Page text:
The second year, when the lord went to the mountain to sacrifice to Jie, he found willows revived, so he gave instructions that the day after Hanshi Festival was to be Qingming Festival. Later, the two festivals were combined as one.
Qingming Festival is a time of many different activities, among which the main ones are tomb sweeping, taking a spring outing, and flying kites. Some other lost customs like wearing willow branches on the head and riding on swings have added infinite joy in past days. The festival is a combination of sadness and happiness.
Cleaning the tomb and paying respect to the dead person with offerings are the two important parts of remembering the past relatives. Weeds around the tomb are cleared away and fresh soil is added to show care of the dead.
Today, with cremation taking over from burying, the custom has been extremely simplified in cities. Only flowers are presented to the dead relatives and revolutionary martyrs. No matter how respect is shown, good prayers for the deceased are expressed.
All in all, the Qingming Festival is an occasion of unique characteristics, integrating sorrowful tears to the dead with the continuous laughter from the spring outing.
From: Travel China Guide
The Veneralia (April 1) was the Ancient Roman festival of Venus Verticordia (“Changer of hearts”), the goddess of love and beauty. The worship of the goddess Fortuna Virilis (“Bold fortune”) was also part of this festival.
In Rome, jewelry was ritually removed from the statue of the goddess, her image was then taken from her temple to the men’s baths, where it was undressed and washed in warm water by her female attendants, then garlanded with myrtle.
Similarly, women bathed themselves in the public baths wearing wreaths of flowers and myrtle on their heads. It was generally a day for women to seek divine help in their relations with men. Men also asked Venus Verticordia for her help in affairs of the heart, sex, betrothal and marriage.
Here’s a nice ritual for the Day of Venus:
- Color: Sea green, golden, and pink
- Element: Water
- Altar: Upon cloth of sea green, golden and pink, set many shells, flowers, beautiful ornaments, pink candles, hearts, doves, incense of rose and violets, and a great chalice of white wine.
- Offerings: Hearts and flowers. Giving a gift of love to someone.
- Daily Meal: Seafood. Angel hair pasta. Sweet breads, cakes, and desserts.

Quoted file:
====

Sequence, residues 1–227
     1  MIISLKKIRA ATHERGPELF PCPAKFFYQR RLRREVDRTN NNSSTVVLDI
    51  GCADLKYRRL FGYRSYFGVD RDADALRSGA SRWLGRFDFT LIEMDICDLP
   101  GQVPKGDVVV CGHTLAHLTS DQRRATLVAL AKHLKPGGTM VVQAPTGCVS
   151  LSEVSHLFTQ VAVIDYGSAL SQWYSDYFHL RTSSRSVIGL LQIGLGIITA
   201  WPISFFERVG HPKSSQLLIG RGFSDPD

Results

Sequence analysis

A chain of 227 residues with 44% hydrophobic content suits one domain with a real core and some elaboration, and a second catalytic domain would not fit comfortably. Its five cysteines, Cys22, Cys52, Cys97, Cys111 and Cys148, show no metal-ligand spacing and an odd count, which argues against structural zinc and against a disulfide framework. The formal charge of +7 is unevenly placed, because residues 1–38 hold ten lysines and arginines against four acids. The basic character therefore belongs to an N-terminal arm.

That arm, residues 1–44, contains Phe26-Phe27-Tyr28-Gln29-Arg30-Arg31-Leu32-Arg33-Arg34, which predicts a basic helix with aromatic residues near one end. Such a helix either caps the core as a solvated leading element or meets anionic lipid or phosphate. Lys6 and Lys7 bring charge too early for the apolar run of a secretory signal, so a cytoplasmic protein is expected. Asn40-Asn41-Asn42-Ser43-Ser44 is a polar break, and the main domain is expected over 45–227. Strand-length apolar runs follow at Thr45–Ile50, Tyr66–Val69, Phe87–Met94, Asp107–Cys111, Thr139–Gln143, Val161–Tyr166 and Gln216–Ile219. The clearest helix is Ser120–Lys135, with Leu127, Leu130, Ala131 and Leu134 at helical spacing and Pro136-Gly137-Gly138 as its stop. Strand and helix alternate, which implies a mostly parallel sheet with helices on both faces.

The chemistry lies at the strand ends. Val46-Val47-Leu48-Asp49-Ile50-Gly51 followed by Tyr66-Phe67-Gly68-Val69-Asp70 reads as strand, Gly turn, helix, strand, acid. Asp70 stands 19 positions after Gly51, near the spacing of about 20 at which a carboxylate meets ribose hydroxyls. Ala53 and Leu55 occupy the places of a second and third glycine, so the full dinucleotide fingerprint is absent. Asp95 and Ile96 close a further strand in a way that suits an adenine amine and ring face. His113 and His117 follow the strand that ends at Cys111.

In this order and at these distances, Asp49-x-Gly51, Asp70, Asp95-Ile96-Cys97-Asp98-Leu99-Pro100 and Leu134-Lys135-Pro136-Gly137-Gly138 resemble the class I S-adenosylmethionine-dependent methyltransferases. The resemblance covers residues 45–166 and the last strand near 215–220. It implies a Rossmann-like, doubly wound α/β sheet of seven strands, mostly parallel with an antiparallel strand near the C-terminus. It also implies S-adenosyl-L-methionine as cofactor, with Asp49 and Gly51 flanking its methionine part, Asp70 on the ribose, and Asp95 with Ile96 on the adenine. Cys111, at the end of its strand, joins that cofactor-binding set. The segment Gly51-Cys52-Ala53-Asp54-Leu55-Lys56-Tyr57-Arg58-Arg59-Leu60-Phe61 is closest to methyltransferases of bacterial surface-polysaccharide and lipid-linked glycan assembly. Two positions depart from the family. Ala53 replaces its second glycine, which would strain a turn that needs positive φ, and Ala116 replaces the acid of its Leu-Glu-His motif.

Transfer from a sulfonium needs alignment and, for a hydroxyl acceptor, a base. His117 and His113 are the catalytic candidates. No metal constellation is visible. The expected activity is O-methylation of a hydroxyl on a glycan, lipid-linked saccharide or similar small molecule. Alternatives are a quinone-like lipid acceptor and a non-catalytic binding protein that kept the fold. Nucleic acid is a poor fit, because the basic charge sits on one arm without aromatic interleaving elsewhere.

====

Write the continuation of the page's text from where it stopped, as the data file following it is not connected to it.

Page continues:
Invocation to Venus
Hail, Lady of the Morning Star!
You who rose form the sea foam,
Born of the impersonal severed phallus of the sky
Immersed in the impersonal womb of the sea,
You who rode to shore on a shell of pearl
And whose powers no one can resist
Save the virgin goddesses,
You who bring the glow of gold
Into the lives of all whom you touch,
Lady, we revere you as the avatar
Of the love between equals
Who look each other in the eye,
The attraction and pursuit
Between every particle in the universe.
Hail, Lady of the Evening Star!
You who rule the night
With its darker passions,
You who tempt the wistful heart,
You whose hands reach out
To all the world and more,
Lady, we revere you as a force of nature
Far greater than merely the human heart,
For you are the force that binds together
All that dances with another of its kind
In the endless dance of creation.
(The wine is passed around, and poured as a libation to Venus. Each takes a flower and wears it in honor of Venus.)
The practice of playing tricks on April 1st dates back to 15th century France. Before that time, New Year’s Day was March 25, with a full week of partying and exchanging gifts until April 1. In 1582, the Gregorian calendar moved New Year’s Day to January 1. This was so unpopular that people began sending officials on “fool’s errands” in retaliation. The term “All Fools,” was probably meant as a deliberate stab at All Saints (November 1) and All Souls (November 2) Day.
Another source reports that when the dates changed, many peasants paid surprise visits to their neighbors on April 1 to trick them into thinking it was still the start of the New Year. Gradually the custom spread around the world, and people look forward to this day as an opportunity to play tricks on their friends and colleagues.
April Fools Superstitions:
- It is considered bad luck to attempt to trick someone after noon on April 1.